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dg_headshot2014In December of 2012, we featured entrepreneur Danielle Gletow of One Simple Wish — an organization that grants wishes for children in the foster care system — through our 1,000 Stories initiative.

When we caught up with her recently, she said business has been “extraordinary.” One Simple Wish has granted over 10,000 wishes for children — ranging from Nintendo games and laptops, to gymnastics classes and movie tickets — since its inception in 2008. Also, Gletow was featured on both NBC Nightly News and CNN’s Heroes list.

Additionally, the size of the organization has expanded, both in numbers (with 10 staff members at present) and reach. “We are now working with kids in 47 states and Washington, D.C. We serve about 30,000 kids per year through wish granting and other various programs,” Gletow says.

Those various programs include the organization’s Wish to Work, Onaha Project and Project Prom offerings, which are designed help older or abused children. Says Gletow, “Wish granting is still the core initiative, and out of that grew other ideas for ways to help kids.”

One Simple Wish has even helped kids in the foster system realize their ultimate dream — finding a family.

This past summer, Gletow and others went on a 7,000-mile road trip she referred to as the Ultimate Wish Tour. Organization representatives spoke on-camera with children who were legally free for adoption, then used the footage taken to create a documentary.

“We met with 65 children on the tour and, so far, there have been 17 matches since the tour — at least 12 [matches] as a direct result of our efforts,” she says. “There were over 100 adoption inquiries and over 50 wishes and other support pledged to the kids.”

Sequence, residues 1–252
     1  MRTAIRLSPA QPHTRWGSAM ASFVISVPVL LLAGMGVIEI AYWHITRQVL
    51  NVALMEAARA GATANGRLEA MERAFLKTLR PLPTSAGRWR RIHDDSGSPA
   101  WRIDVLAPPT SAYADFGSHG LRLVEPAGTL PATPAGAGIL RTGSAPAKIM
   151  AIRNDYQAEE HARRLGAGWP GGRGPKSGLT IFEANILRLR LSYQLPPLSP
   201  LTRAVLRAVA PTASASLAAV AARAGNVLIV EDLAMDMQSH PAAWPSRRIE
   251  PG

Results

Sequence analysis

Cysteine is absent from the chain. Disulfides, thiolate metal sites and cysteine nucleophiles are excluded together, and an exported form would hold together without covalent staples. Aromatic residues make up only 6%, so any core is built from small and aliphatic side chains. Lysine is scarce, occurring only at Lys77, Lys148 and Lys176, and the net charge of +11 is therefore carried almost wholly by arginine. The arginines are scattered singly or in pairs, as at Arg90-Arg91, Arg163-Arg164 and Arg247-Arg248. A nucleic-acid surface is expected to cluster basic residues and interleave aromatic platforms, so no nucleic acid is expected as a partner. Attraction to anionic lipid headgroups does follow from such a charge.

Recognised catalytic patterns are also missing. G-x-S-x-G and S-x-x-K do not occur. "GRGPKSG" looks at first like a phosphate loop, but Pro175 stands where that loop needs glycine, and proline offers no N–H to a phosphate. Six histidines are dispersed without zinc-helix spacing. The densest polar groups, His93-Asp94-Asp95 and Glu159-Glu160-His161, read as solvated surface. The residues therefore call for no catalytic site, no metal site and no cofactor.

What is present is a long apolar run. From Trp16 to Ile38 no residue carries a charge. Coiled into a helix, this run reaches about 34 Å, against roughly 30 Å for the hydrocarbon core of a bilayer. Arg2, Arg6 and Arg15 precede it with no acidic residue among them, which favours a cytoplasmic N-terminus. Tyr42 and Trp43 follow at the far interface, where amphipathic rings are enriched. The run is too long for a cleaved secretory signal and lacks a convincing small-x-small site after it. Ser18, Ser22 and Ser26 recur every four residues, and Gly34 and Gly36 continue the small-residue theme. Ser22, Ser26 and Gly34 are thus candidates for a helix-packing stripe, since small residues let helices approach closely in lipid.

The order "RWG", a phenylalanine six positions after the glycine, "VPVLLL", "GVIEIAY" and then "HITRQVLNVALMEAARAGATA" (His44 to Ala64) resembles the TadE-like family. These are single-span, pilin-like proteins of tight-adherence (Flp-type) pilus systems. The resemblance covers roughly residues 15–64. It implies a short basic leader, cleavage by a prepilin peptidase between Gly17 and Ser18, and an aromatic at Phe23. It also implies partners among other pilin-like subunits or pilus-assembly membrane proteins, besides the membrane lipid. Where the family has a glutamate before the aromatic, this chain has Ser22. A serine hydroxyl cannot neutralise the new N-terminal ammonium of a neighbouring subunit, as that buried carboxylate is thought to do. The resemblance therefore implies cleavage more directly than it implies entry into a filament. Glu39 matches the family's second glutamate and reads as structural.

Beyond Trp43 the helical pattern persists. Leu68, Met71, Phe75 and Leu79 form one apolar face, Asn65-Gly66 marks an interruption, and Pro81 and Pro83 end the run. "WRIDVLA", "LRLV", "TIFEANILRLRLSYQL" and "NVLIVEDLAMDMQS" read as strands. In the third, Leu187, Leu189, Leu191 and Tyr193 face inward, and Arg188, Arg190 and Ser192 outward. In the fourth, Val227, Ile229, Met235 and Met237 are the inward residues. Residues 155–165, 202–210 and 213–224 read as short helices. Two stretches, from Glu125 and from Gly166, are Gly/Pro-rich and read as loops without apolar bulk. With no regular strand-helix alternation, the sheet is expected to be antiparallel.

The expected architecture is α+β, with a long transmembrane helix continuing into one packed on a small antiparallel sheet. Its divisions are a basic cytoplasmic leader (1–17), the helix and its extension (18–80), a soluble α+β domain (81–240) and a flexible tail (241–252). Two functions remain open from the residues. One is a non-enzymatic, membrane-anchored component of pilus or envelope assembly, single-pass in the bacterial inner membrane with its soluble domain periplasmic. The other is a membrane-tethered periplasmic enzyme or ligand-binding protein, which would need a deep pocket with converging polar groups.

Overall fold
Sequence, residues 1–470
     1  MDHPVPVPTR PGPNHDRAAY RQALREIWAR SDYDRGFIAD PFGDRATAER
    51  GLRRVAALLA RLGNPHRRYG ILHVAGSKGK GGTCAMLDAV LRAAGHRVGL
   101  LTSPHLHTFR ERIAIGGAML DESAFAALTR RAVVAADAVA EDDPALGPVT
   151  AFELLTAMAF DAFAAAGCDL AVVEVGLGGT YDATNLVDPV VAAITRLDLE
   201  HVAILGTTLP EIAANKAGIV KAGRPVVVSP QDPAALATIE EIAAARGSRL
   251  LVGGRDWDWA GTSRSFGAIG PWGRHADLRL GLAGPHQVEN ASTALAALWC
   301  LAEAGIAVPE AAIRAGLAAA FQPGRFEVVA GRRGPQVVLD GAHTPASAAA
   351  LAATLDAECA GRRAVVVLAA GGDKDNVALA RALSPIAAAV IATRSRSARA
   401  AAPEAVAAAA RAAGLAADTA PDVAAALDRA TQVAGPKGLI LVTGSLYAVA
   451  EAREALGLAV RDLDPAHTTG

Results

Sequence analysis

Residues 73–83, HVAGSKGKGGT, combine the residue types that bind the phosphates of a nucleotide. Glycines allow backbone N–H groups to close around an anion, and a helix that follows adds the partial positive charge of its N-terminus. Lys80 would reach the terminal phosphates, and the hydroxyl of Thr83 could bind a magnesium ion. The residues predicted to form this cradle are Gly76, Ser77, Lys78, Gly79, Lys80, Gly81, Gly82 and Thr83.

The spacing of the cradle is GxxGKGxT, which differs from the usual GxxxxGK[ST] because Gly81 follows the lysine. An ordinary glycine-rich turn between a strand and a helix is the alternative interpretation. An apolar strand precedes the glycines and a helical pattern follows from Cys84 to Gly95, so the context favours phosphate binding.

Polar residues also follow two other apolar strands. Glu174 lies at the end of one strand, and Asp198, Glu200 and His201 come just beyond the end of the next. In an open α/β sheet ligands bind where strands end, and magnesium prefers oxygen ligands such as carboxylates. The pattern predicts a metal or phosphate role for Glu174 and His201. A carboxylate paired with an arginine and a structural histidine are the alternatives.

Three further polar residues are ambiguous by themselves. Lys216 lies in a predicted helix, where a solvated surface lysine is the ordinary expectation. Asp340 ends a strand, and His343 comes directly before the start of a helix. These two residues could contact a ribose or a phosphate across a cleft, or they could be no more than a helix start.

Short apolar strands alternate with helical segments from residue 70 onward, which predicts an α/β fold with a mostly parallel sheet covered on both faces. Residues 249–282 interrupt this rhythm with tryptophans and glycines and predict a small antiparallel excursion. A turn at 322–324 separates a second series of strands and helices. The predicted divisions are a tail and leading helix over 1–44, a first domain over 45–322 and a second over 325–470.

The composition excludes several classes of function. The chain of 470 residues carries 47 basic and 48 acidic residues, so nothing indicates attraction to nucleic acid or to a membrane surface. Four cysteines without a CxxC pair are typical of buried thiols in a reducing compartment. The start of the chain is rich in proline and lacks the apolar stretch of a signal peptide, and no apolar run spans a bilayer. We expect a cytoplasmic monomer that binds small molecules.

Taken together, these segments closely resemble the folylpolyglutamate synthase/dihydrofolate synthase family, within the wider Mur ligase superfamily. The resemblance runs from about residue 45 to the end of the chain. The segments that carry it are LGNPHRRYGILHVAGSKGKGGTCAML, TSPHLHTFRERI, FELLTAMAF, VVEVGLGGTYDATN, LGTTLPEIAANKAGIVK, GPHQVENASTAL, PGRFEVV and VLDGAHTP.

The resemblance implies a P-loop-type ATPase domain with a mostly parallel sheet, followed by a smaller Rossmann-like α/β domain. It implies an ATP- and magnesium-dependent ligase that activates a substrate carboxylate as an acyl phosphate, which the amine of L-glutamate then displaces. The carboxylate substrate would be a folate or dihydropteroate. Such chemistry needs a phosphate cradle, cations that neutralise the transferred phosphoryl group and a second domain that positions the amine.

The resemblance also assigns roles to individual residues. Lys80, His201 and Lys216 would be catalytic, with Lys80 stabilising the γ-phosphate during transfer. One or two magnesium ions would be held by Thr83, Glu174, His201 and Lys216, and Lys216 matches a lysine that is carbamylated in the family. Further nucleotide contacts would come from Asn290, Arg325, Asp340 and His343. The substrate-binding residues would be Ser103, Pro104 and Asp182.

Partnerships have played an important role in the development of One Simple Wish. “We’ve received half a million in donations of products from a variety of partners,” she said, naming Hasbro as a frequent benefactor. “It’s really amazing, and a great way for us to spread the program and give kids something fun immediately.”

And the efforts of One Simple Wish are funded in part by relationships with corporations such as Wells Fargo and Volkswagen, as well as other supportive foundations. But, Gletow says, “we have a really impressive individual donor base [of thousands of individuals] that contributes the vast majority of our funding.”

Going forward, Gletow wants to be a “catalyst for change within the system” — the very system that led her and her husband, Joe, to their own foster child in 2006. She also hopes to expand the offerings of One Simple Wish so it can one day grant wishes for children in every single state.

Her entrepreneurial journey has been difficult — as she says, “being an entrepreneur is not for the lazy” — and has involved a great deal of sacrifice. But through the help of mentors and experienced business owners, Gletow is confident she has found her purpose.

“Despite the crazy … pace, the amount of work, I haven’t ever felt this fulfilled or ‘right’ in my life. This is where I’m supposed to be,” she says.

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